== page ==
April 30, 2013 11 Comments
Several months ago – maybe even years – the Husband and I found ourselves in a room with a bunch of other dog people and we were posed the question “Who is perfectly, 100% happy with their dog’s behaviour? Whose training goals are complete? Be honest.”
We kind of looked at each other, shrugged in agreement, and hesitantly raised our hands.
We were the only ones.
You could feel all eyes turn in our direction.
There are many possibilities for what the others there were thinking: (a) “what a couple of egotistical douchebags”; (b) “well they’re delusional”; (c) “liars!” or (d) “Moses isn’t that great.” Or perhaps even (e) “these jerks just ruined a great teaching moment.”
But you know what? Screw those guys.
Moses is perfect. At least he is to me.
Are there things I wish I could change about Moses? Sure. His health history comes to mind first. And his uncanny ability to fling drool onto your face or hair isn’t exactly endearing to everyone, either.
But I don’t really care about that. Those are not considerations that would’ve kept my hand down.
Even if there is a little room for improvement or there are dozens more skills we could teach him, I’m not particularly preoccupied with that. And maybe there was a time I wouldn’t have raised my hand, but that was long ago.
I like Moses for who he is and the history we’ve had with him has just made me increasingly grateful for the time we get to hang out with him, which is so much better when you’re not stressing about areas for improvement. The focus is on what we have – not what we don’t have. So when I raised my hand, I was being completely honest.
And that brings me to Alma.
It took us a couple of months to really get to know Alma and let her full personality come out after adopting her. And if I was focusing on the negative, I’d mention something like her separation anxiety that she doesn’t exactly channel into the most desirable behaviours, for instance.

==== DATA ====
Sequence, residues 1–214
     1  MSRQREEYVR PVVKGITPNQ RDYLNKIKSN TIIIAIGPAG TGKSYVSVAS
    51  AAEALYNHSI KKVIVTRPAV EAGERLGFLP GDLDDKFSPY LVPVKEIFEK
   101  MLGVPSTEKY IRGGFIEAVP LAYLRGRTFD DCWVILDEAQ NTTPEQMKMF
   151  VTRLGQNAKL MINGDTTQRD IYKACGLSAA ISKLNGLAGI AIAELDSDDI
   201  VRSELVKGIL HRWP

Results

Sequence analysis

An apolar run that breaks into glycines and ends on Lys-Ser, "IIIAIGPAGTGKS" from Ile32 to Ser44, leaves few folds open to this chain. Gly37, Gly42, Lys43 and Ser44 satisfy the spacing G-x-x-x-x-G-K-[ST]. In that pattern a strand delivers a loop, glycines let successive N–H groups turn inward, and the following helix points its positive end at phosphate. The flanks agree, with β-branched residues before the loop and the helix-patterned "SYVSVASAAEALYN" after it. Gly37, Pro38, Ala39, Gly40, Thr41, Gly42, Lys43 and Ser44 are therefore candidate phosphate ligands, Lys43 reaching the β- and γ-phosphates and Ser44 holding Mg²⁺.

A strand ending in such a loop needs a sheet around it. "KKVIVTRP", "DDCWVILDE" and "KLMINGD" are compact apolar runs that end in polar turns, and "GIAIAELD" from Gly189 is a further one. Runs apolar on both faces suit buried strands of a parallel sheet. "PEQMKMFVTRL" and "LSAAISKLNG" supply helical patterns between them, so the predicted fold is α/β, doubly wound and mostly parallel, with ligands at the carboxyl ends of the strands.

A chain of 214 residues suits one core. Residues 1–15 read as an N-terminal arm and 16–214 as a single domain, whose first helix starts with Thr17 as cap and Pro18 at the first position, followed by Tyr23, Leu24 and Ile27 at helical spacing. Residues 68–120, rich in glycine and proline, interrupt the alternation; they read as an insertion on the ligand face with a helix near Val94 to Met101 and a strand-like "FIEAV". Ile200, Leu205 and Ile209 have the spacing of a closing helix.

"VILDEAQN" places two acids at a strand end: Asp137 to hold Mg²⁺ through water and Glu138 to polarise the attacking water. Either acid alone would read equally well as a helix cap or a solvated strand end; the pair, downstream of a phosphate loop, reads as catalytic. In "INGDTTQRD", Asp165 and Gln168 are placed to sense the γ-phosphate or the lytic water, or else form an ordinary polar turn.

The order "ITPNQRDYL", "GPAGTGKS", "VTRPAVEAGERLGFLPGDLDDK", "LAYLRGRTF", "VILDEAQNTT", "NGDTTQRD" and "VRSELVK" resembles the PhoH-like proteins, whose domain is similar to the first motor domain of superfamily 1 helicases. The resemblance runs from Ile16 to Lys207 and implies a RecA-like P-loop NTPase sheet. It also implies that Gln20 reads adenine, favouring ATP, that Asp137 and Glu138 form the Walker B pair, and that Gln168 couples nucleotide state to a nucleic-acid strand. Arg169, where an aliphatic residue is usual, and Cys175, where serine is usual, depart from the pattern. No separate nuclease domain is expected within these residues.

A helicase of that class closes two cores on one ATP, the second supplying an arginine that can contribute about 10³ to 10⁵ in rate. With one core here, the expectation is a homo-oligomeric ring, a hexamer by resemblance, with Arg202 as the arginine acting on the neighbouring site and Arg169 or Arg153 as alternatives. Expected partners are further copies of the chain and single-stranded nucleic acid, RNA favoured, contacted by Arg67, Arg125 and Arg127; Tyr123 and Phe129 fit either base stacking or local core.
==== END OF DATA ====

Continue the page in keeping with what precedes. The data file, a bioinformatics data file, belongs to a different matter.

But that just stresses me out and I used to be very guilty of dwelling on what needed to be improved.
I took it seriously. I took it personally. And it took all the fun out of our relationship.
And it’s taken me a while to figure this out, but here it is: if Moses is awesome because he’s perfect, Alma is awesome because she’s NOT.
Alma is mischievous. Energetic (for a Newf). Goofy. Stubborn. Her unfettered joy in nearly any situation is a trait anyone should admire; she makes no apologies for being herself.
There’s no point in letting myself get anxious about it or fixate on what passersby may be thinking, because her exuberance is really a key part of what makes Alma Alma.
It’s not an easy lesson to internalize, and even if you know it, it’s a whole other thing to put it into practice and let go of any spawning frustration or embarrassment in the moment. When you spend a lot of time talking about struggles and goals, you can easily forget to talk about growth and success. At least I did. And that’s not fair for anyone.
No, this doesn’t mean that training stops here, but it does mean that I won’t let perceived imperfections hold us back and I won’t think about being scrutinized by other dog owners if things aren’t going perfectly.
Instead, I’m practising optimism and contentment with what we have, where we are, where we’re going, and all that both Alma and Moses have taught me.
If you were to ask me today if I was 100% happy with my dogs and their behaviour, I would definitely have the audacity to respond again – and to raise both of my hands: one for Moses, and one for Alma.
And I dare anyone to challenge me on that.